“The fact that we were able to predict influenza outbreaks faster than China’s national surveillance programs really shows the capacity for everyday, wearable digital health devices to track the spread of disease at the population level,” said Yulin Hswen, lead author on the study and research fellow at Boston Children’s Computational Epidemiology Group.
This is the first instance that Boston Children’s Hospital has been able to predict outbreaks through an integrated wearable device and online tool. It previously predicted and tracked diseases through social media, according to a March press release.
“Collectively, we are still coming to terms with the data deluge from wearable devices, but it is imperative that we begin to generate value from this data,” said Jared Hawkins, senior author and director of informatics at Boston Children’s Innovation and Digital Health Accelerator (IDHA). “From a public health perspective – as we have shown with this latest study – there is enormous potential for tapping this data for research, surveillance and influencing policy.”
The influenza-detecting device, deemed Thermia, is a fever educational tool that can work as a standalone digital application or can get temperature readings from a child directly through the iThermonitor. The iThermonitor is an FDA-approved wearable thermometer that is a patch worn under the arm. Boston Children’s Hospital and the iThermonitor’s manufacturer Raiing Medical have a licensing agreement that allows the two to be integrated.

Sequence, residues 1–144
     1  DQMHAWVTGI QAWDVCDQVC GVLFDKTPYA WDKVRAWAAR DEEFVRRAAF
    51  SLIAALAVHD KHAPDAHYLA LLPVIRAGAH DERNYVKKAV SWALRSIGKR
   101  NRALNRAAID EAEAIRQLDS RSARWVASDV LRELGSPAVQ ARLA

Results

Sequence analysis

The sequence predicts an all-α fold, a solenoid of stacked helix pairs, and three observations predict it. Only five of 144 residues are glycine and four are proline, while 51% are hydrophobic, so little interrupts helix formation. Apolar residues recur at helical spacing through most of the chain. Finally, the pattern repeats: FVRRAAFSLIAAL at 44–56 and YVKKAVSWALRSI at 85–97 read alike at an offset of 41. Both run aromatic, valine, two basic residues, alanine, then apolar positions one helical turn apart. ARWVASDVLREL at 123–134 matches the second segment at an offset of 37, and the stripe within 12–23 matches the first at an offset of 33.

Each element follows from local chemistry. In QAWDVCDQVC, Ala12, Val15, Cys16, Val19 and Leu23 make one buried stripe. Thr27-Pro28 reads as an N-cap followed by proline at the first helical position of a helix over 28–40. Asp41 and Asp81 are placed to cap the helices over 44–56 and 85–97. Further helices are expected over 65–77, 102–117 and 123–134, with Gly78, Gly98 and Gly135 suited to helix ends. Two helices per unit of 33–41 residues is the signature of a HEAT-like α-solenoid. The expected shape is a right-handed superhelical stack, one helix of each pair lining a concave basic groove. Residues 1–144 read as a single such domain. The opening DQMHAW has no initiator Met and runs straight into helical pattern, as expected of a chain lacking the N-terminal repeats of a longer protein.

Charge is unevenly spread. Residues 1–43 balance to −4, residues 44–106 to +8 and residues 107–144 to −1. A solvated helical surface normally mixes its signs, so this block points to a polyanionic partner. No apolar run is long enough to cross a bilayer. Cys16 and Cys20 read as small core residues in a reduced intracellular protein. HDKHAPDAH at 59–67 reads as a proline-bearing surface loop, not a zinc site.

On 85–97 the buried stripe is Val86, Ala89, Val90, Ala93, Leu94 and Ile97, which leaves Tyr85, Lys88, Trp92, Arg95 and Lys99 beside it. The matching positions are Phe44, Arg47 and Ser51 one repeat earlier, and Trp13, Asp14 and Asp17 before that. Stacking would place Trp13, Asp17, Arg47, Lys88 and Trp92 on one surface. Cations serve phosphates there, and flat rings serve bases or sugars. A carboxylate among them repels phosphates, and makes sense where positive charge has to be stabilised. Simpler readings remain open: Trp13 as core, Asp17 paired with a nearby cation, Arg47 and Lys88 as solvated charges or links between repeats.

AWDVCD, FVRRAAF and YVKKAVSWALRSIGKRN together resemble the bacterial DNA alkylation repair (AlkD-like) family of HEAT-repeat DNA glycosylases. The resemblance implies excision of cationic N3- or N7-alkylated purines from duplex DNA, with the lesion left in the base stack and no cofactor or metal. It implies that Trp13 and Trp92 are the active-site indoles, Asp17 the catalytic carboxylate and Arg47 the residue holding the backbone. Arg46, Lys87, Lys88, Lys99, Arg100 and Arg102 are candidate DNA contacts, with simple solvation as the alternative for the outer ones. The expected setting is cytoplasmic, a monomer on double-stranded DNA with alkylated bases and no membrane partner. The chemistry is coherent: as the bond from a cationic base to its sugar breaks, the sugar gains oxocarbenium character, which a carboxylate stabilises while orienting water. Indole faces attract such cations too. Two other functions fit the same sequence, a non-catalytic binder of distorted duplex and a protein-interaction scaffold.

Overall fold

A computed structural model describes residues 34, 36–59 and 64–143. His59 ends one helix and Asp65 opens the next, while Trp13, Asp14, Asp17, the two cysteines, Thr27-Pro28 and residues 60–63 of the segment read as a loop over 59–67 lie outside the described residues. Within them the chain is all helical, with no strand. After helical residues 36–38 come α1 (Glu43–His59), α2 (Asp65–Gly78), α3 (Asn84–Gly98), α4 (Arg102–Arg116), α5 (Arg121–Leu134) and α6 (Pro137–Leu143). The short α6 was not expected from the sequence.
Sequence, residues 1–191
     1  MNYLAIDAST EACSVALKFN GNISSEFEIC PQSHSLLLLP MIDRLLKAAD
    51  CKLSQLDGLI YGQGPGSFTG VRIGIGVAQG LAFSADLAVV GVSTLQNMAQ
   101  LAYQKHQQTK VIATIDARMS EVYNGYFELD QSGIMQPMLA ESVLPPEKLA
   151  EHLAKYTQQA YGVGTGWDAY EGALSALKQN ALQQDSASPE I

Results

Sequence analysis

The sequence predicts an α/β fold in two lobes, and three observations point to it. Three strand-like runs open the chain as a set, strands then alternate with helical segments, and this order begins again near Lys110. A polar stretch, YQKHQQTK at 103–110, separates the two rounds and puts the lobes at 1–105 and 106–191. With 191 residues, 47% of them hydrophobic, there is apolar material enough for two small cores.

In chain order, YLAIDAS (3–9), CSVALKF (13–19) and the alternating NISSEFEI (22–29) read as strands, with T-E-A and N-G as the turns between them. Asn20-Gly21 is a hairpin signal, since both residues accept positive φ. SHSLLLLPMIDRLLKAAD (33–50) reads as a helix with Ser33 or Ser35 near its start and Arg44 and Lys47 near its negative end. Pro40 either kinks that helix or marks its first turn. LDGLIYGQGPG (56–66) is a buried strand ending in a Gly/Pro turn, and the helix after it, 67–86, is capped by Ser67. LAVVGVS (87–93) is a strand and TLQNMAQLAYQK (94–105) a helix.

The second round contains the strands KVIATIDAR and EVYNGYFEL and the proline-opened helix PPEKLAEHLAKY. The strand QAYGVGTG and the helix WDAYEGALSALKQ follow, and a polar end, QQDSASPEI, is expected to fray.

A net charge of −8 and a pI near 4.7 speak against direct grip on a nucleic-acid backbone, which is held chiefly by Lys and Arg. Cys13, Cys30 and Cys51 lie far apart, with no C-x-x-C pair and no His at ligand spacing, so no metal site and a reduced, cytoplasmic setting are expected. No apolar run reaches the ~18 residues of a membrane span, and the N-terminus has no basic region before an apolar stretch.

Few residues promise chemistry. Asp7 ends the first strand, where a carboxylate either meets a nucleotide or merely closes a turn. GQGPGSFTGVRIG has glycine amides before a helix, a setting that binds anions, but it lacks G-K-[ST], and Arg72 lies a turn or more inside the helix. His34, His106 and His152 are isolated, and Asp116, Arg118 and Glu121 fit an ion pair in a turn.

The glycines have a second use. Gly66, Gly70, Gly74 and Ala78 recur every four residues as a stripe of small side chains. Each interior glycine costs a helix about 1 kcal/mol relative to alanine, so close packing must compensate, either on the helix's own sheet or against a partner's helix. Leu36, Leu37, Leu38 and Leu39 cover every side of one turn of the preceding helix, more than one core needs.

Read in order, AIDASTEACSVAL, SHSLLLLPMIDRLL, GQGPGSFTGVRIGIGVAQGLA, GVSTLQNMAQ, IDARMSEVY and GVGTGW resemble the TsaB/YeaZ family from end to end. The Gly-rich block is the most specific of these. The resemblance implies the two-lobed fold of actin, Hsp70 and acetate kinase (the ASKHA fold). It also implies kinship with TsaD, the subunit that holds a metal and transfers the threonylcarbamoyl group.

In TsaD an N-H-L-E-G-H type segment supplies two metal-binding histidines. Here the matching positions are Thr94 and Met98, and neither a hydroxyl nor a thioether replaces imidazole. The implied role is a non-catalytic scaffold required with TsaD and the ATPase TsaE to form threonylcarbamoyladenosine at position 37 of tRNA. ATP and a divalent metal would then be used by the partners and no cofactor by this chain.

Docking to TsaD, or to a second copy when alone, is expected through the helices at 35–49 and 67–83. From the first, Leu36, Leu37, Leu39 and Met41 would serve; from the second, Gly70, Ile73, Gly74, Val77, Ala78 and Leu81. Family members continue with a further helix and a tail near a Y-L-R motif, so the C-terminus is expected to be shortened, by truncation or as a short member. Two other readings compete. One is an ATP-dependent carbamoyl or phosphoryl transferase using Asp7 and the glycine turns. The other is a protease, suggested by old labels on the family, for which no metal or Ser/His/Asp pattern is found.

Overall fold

In the study, data from China’s Thermia users was collected from nearly 45,000 data points between the 2014 and 2016. The data showed that outbreaks of illnesses closely resembling influenza could be detected digitally in real-time. When compared to surveillance data gathered by the National health and Family Planning Commission of the People’s Republic of China, iThermonitor and Thermia were able to predict outbreaks a month earlier.
“Delays in clinically-reported data and lack of data availability contribute to the challenges of identifying outbreaks rapidly,” said John Brownstein, chief innovation officer at Boston Children’s and director of the Computation Epidemiology Lab and IDHA. “As a result, we have more and more opportunities to use real-time, low-cost digital solutions like Thermia to improve disease surveillance.”
Traditional disease surveillance programs are prone to having lag times, according to the researchers, and typically rely on confirmed cases in children as seen by a clinician.
The CDC reports there is a five week lag between data and when it is reported. It is one of the largest and most timely surveillance systems of the organization, gathering statistics from 122 cities, 145 laboratories and 3,000 outpatient healthcare providers throughout the U.S.
“In geographically large and densely populated countries like China, tools like Thermia can provide better on-the-ground disease surveillance than by relying on data that is only captured at the point of treatment in the clinic,” said Hswen.
It is estimated that millions of people in the U.S. have the flu annually with hundreds of thousands being hospitalized for it and thousands or ten to thousands dying from it.
Recently, Stanford University researchers also discovered that wearable fitness trackers were able to determine when someone was coming down with an illness. Irregular measurements and patterns were able to be matched with different health problems.
The study was published online in the American Journal of Public Health.
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